UMC Liberia Addresses the Plights of the Needy Liberians
June 28, 2015 – Monrovia, Liberia: The United Methodist Church of Liberia during the week responded to the hunger and health need of the people of Monrovia by providing monthly food assistance and constructing water wells (hand pumps). According to the Pastor of the S. T. Nagbe United Methodist Church, Rev. Matthew Jaiah said the food ration is intended to help the “physically challenged” and the senior citizens of the city of Monrovia who are in need. “We are helping them to deal with their poverty situation which is made worst by the Ebola crisis,” Rev. Jaiah added.
Senior Pastor Jaiah indicated that as a unit of the UMC Liberia, the local church was extending the feeding ministry of the church to the people especially the “physically challenged” and the senior citizens. He also indicated that the food distribution is not targeting only United Methodists, but all who come to the gates of the church on the day the food is distributed including homeless young men and women. “Over two to three hundred persons come to the church on any given day of our distribution to receive food,” Jaiah confirmed, adding, “this is part of our way of evangelizing in Monrovia.”
Dubbed the Feeding Program of S. T. Nagbe UMC and presided over by Evelyn Toe, the program also provide hot meals exclusively for the “physically challenged”.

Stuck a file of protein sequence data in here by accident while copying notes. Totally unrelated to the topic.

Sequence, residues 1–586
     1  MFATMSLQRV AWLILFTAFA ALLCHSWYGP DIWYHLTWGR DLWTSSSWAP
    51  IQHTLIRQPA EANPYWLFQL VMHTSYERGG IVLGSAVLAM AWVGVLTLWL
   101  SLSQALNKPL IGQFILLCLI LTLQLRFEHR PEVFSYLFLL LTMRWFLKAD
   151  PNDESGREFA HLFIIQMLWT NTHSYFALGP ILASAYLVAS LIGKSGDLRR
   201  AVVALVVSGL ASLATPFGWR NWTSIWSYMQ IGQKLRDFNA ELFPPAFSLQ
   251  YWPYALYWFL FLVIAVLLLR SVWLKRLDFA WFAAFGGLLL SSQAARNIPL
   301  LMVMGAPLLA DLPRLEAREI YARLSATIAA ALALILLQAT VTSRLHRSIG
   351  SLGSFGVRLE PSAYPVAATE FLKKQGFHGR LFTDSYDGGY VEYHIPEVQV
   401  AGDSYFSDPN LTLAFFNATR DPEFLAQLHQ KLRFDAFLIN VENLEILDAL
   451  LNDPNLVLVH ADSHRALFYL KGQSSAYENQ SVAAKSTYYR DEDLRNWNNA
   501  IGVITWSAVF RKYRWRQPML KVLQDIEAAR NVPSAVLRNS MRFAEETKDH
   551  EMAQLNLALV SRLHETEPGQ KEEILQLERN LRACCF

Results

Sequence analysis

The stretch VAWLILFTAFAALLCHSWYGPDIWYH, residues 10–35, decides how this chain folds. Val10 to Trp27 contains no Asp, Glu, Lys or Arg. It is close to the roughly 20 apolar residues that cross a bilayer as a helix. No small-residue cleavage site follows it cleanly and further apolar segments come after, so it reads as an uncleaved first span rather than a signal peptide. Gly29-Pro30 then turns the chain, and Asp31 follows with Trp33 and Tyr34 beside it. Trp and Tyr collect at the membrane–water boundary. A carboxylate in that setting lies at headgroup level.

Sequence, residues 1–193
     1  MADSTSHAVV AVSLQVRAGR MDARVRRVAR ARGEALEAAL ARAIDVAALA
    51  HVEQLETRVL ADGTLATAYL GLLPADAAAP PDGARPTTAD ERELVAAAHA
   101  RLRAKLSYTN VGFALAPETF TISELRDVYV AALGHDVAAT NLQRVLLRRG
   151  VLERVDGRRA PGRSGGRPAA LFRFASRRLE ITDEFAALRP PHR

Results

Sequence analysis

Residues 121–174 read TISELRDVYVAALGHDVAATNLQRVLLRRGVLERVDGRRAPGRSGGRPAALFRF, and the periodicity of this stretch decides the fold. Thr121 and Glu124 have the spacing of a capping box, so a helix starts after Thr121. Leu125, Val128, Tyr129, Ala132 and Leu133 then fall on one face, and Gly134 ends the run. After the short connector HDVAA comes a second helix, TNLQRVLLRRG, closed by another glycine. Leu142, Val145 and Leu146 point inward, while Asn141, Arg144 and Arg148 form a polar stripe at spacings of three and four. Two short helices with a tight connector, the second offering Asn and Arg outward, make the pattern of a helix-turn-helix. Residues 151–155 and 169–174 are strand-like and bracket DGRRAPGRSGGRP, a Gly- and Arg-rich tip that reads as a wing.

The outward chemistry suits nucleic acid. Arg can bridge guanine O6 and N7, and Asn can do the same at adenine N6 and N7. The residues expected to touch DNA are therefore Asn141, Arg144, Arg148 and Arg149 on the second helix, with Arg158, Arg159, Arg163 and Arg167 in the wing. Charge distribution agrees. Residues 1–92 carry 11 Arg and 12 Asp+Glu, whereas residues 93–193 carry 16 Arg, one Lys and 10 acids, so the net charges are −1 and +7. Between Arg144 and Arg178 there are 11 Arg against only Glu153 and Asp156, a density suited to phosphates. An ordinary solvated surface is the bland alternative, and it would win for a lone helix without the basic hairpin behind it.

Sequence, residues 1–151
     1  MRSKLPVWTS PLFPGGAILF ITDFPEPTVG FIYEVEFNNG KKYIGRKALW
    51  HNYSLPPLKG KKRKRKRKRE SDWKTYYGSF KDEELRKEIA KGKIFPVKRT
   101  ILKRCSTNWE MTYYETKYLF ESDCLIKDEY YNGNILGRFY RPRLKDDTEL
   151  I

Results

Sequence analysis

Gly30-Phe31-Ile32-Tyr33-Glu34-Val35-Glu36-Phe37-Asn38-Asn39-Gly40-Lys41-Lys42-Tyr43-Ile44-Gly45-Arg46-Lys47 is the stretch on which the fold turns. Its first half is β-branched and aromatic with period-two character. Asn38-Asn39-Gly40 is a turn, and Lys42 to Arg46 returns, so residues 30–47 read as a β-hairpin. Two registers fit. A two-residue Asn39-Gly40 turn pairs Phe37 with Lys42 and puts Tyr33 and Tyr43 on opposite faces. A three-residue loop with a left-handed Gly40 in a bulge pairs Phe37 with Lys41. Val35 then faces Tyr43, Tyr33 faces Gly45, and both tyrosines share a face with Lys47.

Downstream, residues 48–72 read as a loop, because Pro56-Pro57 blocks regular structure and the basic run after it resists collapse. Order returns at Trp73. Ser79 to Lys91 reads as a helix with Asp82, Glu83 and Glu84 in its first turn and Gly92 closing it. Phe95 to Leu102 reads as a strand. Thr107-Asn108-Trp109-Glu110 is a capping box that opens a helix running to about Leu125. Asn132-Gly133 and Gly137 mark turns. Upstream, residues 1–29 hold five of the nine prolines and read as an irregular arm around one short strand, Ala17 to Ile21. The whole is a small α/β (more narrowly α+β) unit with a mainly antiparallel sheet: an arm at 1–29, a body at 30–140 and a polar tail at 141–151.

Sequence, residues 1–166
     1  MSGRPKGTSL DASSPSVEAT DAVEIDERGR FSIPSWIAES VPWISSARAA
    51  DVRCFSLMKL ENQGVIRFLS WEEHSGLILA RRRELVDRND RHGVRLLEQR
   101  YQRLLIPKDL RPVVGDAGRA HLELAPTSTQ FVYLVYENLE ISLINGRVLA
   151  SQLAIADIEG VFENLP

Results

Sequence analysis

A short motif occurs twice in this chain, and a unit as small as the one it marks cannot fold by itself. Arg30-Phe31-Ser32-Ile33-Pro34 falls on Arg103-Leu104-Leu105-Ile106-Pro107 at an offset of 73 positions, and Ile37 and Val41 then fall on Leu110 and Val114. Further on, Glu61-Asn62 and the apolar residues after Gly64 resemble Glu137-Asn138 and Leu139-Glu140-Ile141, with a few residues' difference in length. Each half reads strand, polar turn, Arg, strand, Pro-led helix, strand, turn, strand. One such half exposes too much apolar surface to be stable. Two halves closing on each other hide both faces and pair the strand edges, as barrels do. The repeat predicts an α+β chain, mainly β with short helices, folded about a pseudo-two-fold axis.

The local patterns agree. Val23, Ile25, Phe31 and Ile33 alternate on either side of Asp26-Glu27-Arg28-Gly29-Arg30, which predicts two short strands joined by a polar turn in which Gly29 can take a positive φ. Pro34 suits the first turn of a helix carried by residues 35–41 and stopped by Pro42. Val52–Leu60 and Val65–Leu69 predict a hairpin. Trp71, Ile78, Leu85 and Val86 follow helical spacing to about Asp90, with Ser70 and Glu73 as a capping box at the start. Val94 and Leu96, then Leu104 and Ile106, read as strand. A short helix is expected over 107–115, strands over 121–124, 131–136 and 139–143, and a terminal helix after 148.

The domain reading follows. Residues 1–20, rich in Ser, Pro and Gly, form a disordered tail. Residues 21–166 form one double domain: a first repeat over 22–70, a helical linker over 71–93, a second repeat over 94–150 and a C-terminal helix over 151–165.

Evelyn Toe, head of the program said the feeding program cost the local church over $1500 each month. “We are fulfilling the mission of the United Methodist Church of Liberia and its partners overseas through this exercise,” she said. On the question of who qualified for the feeding program, especially the hot meal beside the “physically challenged”, Evelyn said the homeless, drug addicts, and other individuals who cannot afford regular meal are the ones benefiting from the church, adding, “we are open to all persons regardless of their faith.”
Human Rights Monitor Dedicates Wells
In a related development, the Human Rights Monitor of UMC Liberia during the week constructed and dedicated eight water wells (locally referred to as hand pumps) throughout the suburb of Monrovia in eight communities including Thinker Village, Caldwell, and the ELBC Community. The water wells were constructed by the UMC Liberia Human Rights Monitor because of the water contamination suffered by these communities due to the Ebola crisis and the threat posed by water-boned diseases in these communities. “The health of our people is crucial to the United Methodist Church of Liberia,” Jefferson Knight head of the UMC Liberia Human Rights said. Knight also said, protecting the people from water-boned diseases is a step towards in kicking poverty out of their lives.
Started since 2008 as part of the Peace with Justice program of the UMC Liberia, the “Water for Life Project” has been constructing water wells in different parts of Liberia for the purpose of providing safe drinking water for the people of Liberia. According to Knight the recent construction of water wells was funded from the Advance Asking of the general United Methodist Church with the amount of 19,000 United States Dollars. “This is the beginning of the number of water wells that we will be constructing throughout Liberia,” he asserted
The food distribution and the water wells activities were conducted in Monrovia on Friday, June 26, 2015 by the various units of the United Methodist Church of Liberia as part of the extension of the ministries of the church to the people of Liberia with support from their global partners especially those in the United States of America. Stephen Trowen Nagbe UMC headed the feeding program while the Human Right Monitor headed the water wells initiative.